Courtesy of Philipp del Hougne

A recently published study has taken on the hurdle of developing a reflectionless device — known as the “coherent perfect absorber” or “anti-laser” — that is capable of routing signals and maintaining information integrity.  

Signal routers, which direct microwave and optical signals, are renowned for their applications in photonics and have been used for radiofrequency networks and nanophotonic devices. Nevertheless, considerable reflection and loss of signal power after injecting signals into the router results in information loss. 

To analyze if it was possible to avoid reflection and to guide light into chosen output channels, the team combined a special type of controller called metasurface with a theoretical framework — also known as reflectionless scattering modes — that allows for the calculation of device designs which will not produce a reflection. 

“The answer was a resounding ‘yes,’” Philipp del Hougne, a researcher at the Université de Rennes 1 and co-author of the study, told the News. “We demonstrated excellent performance in the function of separating two signals into different output ports, known as demultiplexing, with an error of one part in 10,000.”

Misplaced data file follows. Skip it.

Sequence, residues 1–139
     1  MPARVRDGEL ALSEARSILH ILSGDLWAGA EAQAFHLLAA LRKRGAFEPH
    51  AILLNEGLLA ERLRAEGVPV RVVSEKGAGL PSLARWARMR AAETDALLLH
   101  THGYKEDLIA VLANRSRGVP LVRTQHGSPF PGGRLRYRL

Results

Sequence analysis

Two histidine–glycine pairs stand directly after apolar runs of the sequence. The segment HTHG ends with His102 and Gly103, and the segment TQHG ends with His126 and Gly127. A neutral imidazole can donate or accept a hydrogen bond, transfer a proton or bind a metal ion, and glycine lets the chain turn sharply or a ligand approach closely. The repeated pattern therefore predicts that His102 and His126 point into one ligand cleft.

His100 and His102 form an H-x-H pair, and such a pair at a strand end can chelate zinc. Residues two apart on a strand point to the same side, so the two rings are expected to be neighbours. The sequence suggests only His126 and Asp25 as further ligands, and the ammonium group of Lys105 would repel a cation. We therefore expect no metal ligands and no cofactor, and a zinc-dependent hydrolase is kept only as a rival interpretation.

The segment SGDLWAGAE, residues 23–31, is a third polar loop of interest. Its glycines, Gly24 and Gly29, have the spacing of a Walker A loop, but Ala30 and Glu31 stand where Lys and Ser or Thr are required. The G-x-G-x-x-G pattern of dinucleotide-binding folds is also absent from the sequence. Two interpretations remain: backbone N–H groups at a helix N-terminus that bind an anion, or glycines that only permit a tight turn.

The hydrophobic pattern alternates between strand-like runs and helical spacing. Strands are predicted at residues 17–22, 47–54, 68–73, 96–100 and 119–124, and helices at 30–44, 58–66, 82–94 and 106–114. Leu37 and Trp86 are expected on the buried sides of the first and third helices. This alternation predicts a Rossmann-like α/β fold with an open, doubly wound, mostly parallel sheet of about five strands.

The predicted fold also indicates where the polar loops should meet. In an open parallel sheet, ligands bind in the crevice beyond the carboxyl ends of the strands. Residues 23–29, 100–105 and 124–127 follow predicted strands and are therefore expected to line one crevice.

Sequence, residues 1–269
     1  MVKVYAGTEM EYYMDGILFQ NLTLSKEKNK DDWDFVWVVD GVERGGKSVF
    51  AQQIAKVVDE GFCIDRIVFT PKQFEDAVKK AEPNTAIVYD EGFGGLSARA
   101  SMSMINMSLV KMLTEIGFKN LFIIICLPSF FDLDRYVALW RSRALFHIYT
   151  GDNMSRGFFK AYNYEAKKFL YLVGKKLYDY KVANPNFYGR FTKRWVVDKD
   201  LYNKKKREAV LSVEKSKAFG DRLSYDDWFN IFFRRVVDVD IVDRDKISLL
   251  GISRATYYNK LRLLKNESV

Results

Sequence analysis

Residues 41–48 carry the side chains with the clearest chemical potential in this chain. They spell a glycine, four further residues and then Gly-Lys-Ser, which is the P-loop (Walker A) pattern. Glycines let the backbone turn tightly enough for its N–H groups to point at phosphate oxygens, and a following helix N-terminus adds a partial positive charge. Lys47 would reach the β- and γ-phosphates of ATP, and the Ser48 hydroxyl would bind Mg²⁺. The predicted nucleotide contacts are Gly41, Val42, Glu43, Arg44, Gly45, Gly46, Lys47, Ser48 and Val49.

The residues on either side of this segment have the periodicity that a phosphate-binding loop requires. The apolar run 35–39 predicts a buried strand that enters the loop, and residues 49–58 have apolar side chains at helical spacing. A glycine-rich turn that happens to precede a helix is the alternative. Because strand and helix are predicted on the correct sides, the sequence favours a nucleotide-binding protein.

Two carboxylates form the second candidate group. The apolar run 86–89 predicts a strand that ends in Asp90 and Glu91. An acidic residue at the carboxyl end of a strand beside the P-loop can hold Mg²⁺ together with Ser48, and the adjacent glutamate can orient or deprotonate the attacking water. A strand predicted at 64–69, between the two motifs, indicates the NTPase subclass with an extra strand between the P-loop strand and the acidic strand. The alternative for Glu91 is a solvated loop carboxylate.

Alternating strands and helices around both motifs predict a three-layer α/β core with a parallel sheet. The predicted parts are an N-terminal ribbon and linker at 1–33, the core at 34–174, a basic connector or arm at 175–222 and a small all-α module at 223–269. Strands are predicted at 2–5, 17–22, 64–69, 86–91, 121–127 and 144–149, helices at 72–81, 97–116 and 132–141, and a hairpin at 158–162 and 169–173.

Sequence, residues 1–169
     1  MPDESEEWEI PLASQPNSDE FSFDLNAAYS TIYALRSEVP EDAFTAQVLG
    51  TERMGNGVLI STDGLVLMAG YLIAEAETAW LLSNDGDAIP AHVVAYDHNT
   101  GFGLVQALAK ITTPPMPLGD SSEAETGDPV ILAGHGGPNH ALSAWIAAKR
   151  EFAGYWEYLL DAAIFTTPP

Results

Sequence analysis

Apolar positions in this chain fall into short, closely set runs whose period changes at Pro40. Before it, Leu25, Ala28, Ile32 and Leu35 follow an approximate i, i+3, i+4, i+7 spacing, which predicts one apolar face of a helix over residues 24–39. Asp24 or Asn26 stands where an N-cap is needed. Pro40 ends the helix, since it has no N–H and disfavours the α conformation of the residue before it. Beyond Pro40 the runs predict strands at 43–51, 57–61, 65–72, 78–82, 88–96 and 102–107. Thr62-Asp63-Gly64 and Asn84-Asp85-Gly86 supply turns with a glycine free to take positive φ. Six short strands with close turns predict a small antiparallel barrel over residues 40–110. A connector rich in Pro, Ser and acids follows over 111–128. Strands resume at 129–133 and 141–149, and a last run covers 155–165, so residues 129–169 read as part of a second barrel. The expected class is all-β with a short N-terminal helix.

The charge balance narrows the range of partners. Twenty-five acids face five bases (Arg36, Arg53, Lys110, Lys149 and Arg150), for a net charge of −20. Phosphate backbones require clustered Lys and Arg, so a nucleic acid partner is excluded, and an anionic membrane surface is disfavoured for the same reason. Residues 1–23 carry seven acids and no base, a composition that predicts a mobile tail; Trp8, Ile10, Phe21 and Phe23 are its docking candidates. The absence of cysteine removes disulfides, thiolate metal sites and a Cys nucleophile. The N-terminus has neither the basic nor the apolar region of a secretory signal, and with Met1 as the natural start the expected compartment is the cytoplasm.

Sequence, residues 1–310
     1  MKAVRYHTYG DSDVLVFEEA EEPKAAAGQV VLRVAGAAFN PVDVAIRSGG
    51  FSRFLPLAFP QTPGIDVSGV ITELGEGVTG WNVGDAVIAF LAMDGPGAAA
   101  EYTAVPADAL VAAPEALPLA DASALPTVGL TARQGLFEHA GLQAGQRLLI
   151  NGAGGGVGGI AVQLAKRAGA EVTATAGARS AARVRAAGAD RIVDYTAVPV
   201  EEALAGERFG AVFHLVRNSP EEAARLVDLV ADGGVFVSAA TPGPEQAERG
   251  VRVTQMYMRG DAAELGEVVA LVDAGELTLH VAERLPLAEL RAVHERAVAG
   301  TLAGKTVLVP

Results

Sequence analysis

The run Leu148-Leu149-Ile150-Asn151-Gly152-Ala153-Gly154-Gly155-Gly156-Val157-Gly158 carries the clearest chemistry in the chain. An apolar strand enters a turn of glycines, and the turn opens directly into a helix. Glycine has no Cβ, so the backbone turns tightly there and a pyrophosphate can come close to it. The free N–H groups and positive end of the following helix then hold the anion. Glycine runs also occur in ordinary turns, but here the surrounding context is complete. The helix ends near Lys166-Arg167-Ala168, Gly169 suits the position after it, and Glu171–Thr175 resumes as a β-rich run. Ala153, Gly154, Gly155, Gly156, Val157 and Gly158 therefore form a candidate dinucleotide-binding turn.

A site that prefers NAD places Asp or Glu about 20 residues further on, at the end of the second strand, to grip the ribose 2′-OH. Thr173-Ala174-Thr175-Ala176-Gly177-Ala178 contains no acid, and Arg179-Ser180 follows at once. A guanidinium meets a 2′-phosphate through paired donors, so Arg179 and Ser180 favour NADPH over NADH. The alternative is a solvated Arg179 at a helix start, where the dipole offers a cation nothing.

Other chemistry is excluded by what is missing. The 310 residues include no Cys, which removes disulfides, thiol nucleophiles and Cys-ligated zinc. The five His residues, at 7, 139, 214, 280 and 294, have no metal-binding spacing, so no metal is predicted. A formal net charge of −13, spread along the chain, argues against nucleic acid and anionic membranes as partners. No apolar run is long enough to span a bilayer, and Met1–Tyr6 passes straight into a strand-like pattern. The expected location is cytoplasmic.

This ability to combine the theoretical framework with the new programmable metasurface technology is what sets apart this novel device from previously developed “anti-lasers.” Modern networks use isolators — devices which transmit light in one direction — to avoid such reflected power echoes, but their implementation is limited due to high costs. 

However, with devices with zero reflection like the one from this study, isolators may no longer be necessary.

“Our experiments take a completely random system as a starting point and using many tunable degrees of freedom offered by a programmable metasurface, we judiciously tune it to the desired reflectionless routing functionality,” wrote co-author Douglas Stone, deputy director of the Yale Quantum Institute and professor of applied physics. “We can hence also reprogram our reflectionless signal router in situ.”

Previously, Stone’s team developed a device which could absorb more than 99 percent of infrared light. Rather than absorbing light, the anti-laser redirects it to output channels. 

Hougne emphasized the importance of managing light propagation in a network.

“Controlling and routing light propagation on a chip or in a network is a critical function for future devices which use light and not electricity for information transfer and processing, and for sensing the environment,” Hougne wrote.  

Kabish Wisal GRD ’25 highlighted the relevance of this novel device.

“I would say the research is quite important as it demonstrates a pathway for programmable wavelength demultiplexing which will be useful for on-chip signal processing,” Wisal told the News. 

The team hopes that this study helps foster the development of a device which is not only more efficient but also more feasible to manufacture and implement. In the future, Hougne also strives to develop a “deeper understanding of how many programming states” are required to achieve an “efficient routing of signals.” 

The study was featured in the journal Science Advances.